Today we visited the New England Fire and History Museum. Must have been our 10th or 11th visit, but the guys still love looking over the old fire fighting equipment, the 19th Century horse drawn engines (without horses), the 18th Century manually operated pumpers (without mans), the fire trucks from the early and mid 20th Century, and a 30 foot by 15 foot diorama of the Chicago Fire, complete with smoke and sound effects and the information that the fire was not started by Mrs O'Leary's cow.
There is a little display devoted to 9/11, consisting almost entirely of mass cards from the funerals of firefighters who died that day who had Cape Cod connections.
The guides at the museum are all volunteers and they are almost to a man men and retirees. But last year when we were there we were surprised to be helped out by a young woman no more than 20. She was friendly and cheerful and deeply interested in the museum and when I asked her a question she couldn't answer about one of the old engines she was upset with herself and set off right away to find an older guide who would have the information I wanted. After she brought him over she had to dash off to answer questions from some other visitors.
I couldn't help remarking to the other guide on his colleague's youth. I said how great it was that a college kid was volunteering here.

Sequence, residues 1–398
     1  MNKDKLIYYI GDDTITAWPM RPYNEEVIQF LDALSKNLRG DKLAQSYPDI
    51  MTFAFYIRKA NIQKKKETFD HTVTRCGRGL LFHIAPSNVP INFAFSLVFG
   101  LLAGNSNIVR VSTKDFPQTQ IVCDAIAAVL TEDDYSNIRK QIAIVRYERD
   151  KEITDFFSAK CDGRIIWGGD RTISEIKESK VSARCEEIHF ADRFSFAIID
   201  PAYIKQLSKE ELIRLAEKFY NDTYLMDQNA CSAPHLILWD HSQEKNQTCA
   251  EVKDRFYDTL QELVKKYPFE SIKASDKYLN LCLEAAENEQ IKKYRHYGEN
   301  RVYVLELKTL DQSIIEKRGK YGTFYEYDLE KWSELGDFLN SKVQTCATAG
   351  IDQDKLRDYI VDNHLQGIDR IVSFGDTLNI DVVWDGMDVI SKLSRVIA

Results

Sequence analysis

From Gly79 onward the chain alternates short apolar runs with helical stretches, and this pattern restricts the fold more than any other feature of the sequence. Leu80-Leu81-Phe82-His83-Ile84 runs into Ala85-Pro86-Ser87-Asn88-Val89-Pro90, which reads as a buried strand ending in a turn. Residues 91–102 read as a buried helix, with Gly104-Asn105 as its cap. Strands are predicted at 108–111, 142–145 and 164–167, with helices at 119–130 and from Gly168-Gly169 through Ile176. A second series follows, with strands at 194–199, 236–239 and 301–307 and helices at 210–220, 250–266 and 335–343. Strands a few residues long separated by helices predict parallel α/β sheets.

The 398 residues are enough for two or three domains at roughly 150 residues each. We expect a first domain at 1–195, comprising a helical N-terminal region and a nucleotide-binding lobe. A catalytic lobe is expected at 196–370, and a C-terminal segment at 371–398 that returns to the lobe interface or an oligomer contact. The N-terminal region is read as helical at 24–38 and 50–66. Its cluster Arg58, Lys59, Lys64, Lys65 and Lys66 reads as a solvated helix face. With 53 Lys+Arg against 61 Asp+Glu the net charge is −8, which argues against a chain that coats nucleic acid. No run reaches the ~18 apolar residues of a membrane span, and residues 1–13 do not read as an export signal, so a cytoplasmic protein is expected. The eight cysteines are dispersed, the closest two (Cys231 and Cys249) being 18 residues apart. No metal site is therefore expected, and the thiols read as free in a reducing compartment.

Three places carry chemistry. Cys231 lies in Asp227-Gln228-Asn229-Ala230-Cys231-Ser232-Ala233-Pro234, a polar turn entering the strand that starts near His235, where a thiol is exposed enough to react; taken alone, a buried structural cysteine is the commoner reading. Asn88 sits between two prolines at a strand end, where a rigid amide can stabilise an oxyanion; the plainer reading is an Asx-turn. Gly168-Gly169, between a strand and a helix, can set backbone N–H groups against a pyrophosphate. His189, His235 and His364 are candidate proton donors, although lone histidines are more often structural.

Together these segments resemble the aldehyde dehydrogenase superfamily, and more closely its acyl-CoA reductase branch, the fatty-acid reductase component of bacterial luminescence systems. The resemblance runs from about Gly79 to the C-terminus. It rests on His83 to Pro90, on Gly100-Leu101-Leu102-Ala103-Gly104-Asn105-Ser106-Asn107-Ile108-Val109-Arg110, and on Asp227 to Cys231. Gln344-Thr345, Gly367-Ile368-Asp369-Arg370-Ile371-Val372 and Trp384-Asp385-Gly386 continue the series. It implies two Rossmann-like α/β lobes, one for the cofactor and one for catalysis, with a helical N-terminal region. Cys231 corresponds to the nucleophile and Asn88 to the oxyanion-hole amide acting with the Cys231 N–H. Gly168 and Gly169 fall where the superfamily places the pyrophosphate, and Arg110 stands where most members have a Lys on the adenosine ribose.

He looked around to make sure she was well out of earshot. "Well, her father was a firefighter," he said.
I didn't like the sound of that was.
The guide said, "In New York."
I got it and my heart sank.
The guide said, "They used to come to the Cape for vacation and he used to bring her here every year."
I said I couldn't imagine coming to work here every day if I was in her place.
"Oh she loves it," he said, "She says it makes her feel like she's with him. She feels like she's helping him out too because he loved the museum."
She's not at the museum this year. She needed to get a paying job this summer. Her father's portrait is on the false wall facing the doorway to the main building, the first smiling face greeting visitors as they walk in.